Colorectal Cancer Screening (PDQ®): Screening - Health Professional Information [NCI] - Evidence of Benefit
Table 3. Randomized Controlled Screening Trials: Fecal Occult Blood Testing continued...
In 2,885 veterans (97% male; mean age 63 years), the prevalence of advanced adenoma at colonoscopy was 10.6%. It was estimated that combined screening with one-time FOBT and sigmoidoscopy would detect 75.8% (95% CI, 71.0%–80.6%) of advanced neoplasms. Examination of the rectum and sigmoid colon during colonoscopy was defined as a surrogate for sigmoidoscopy. This represented a small but statistically insignificant increase in the rate of detection of advanced neoplasia when compared with FS alone (70.3%; 95% CI, 65.2%–75.4%). The latter result could be achieved assuming that all patients with an adenoma in the distal colon undergo complete colonoscopy. Advanced neoplasia was defined as a lesion measuring at least 10 mm in diameter, containing 25% or more villous histology, high-grade dysplasia, or invasive cancer. One-time use of FOBT differs from the annual or biennial application reported in those studies summarized in Table 1.
A study of 21,794 asymptomatic persons (72% were men) who had both colonoscopy and fecal immunochemical testing (FIT) for occult blood compared the detection of right-sided cancers as triggered by different test results. FIT alone resulted in a sensitivity of 58.3% and a specificity of 94.5% for proximal cancer diagnosis. FIT plus the finding of advanced neoplasia in the rectosigmoid colon yielded a sensitivity of 62.5% and a specificity of 93%. Thus, in this trial, the addition of sigmoidoscopy to FIT did not substantially improve the detection of right-sided colon cancers, compared with FIT alone.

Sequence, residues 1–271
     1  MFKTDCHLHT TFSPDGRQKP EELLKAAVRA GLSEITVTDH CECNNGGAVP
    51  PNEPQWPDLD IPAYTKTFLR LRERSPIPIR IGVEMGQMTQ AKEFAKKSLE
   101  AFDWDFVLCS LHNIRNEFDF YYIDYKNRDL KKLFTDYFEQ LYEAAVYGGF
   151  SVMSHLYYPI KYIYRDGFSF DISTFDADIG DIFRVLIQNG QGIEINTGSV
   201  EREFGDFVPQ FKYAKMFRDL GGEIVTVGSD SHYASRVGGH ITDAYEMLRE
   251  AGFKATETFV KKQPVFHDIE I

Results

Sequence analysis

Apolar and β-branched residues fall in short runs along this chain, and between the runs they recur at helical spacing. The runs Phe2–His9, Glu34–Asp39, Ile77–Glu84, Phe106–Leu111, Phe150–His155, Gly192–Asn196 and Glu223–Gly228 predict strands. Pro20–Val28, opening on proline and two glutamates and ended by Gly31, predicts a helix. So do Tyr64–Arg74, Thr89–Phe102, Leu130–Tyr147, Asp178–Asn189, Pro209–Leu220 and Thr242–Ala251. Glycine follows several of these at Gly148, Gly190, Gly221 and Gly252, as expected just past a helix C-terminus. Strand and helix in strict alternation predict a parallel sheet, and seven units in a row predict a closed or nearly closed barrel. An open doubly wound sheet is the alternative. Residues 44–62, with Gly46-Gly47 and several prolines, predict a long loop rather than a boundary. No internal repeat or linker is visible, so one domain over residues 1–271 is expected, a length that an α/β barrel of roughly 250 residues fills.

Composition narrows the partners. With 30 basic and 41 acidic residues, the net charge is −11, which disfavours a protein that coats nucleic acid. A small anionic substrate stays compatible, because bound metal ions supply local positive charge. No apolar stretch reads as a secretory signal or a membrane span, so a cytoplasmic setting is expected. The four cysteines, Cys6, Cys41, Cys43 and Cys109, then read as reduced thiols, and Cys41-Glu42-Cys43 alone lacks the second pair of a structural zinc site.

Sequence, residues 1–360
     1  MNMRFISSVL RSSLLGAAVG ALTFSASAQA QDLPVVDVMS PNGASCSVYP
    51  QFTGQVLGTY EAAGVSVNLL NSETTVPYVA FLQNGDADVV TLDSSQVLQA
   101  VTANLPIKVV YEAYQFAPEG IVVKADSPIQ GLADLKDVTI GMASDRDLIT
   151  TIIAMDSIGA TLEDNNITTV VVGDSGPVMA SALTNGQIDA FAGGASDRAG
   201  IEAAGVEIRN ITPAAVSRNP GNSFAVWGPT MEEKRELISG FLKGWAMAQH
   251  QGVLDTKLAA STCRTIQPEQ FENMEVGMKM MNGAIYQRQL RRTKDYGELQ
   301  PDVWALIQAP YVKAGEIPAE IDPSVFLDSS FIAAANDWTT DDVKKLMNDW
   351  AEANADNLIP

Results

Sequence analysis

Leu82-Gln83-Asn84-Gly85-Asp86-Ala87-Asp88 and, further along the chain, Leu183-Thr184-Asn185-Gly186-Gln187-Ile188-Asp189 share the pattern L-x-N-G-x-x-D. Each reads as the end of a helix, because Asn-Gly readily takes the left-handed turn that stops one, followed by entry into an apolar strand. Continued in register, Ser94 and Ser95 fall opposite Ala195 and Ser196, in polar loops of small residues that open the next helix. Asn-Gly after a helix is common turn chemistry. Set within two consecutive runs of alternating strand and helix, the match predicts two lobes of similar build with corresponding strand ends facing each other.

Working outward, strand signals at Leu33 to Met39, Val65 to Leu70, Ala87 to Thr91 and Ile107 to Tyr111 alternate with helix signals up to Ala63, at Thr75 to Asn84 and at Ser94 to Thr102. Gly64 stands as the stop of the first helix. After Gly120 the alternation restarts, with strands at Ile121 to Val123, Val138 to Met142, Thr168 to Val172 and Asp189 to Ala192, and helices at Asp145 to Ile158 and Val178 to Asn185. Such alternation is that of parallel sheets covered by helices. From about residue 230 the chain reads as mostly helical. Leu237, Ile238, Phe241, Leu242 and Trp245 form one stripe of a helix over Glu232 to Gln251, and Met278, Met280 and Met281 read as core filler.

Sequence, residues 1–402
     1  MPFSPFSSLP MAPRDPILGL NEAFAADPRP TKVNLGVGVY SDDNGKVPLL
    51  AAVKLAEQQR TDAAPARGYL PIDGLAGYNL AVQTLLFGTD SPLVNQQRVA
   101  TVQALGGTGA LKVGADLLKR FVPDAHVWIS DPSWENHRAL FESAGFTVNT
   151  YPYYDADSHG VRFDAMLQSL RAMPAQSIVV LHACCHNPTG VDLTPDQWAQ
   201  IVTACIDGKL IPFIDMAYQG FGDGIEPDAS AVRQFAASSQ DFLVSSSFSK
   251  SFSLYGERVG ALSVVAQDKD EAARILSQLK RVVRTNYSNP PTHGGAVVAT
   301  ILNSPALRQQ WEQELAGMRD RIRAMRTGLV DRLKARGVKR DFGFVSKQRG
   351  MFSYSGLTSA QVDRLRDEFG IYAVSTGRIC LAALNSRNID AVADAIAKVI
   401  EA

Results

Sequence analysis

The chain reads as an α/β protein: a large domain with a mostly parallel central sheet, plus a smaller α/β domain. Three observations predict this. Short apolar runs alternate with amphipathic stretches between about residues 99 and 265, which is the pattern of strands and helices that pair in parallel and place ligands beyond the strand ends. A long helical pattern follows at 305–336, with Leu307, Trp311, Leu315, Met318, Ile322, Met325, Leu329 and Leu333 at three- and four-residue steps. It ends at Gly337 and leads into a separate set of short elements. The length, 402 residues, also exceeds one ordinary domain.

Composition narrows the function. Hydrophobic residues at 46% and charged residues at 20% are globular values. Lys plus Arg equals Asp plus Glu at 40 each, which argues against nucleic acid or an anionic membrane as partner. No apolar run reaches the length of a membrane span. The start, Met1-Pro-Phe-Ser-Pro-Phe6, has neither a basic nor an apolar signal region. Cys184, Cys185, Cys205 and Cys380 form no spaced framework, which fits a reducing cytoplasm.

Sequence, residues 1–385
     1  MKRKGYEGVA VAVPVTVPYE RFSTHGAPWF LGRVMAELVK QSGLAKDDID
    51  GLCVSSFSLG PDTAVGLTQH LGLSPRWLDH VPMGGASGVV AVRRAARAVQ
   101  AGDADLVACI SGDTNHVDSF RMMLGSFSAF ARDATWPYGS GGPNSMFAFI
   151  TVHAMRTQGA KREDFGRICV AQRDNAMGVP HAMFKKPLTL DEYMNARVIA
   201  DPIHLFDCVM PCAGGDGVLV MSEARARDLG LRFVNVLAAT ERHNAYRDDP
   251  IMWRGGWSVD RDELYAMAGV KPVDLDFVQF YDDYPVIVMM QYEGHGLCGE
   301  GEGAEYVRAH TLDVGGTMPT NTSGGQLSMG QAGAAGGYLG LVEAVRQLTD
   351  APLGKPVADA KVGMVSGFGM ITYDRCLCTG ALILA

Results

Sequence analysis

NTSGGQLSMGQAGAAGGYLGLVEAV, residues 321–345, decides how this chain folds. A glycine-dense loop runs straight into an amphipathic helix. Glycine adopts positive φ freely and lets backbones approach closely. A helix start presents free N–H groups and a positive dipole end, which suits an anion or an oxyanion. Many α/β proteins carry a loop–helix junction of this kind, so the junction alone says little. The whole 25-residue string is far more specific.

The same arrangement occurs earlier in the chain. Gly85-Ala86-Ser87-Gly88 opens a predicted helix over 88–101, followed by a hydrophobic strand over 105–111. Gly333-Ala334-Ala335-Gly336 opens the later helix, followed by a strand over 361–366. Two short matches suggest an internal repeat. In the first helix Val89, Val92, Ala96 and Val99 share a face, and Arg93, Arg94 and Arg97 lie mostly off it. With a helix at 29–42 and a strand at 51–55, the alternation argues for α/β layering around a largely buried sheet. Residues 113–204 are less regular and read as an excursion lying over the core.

The NORCCAP once-only screening study randomly assigned 20,780 men and women, aged 50 to 64 years, to FS only or a combination of FS and FOBT with FlexSure OBT. A positive FS was defined as a finding of any neoplasia or any polyp at least 10 mm. A positive FS or FOBT qualified for colonoscopy. Attendance in this study was 65%. Forty-one cases of CRC were detected (0.3% of screened individuals). Adenomas were found in 2,208 participants (17%), and 545 (4.2%) had high-risk adenomas. There was no difference in diagnosis yield between the FS only and the FS and FOBT groups regarding CRC or high-risk adenoma. There were no serious complications after FS, but there were six perforations after therapeutic colonoscopy (1:336).
As part of the National Polyp Study, colonoscopic examination and barium enema were compared in paired surveillance examinations in those who had undergone a prior colonoscopic polypectomy. The proportion of examinations in which adenomatous polyps were detected by barium enema was related to the size of the adenoma (P = .009); the rate was 32% for colonoscopic examinations in which the largest adenomas detected were no larger than 5 mm, 53% for those in which the largest adenomas detected were 6 mm to 10 mm, and 48% for those in which the largest adenomas detected were larger than 10 mm. In patients who have undergone colonoscopic polypectomy, colonoscopic examination is a more sensitive method of surveillance than double-contrast barium enema.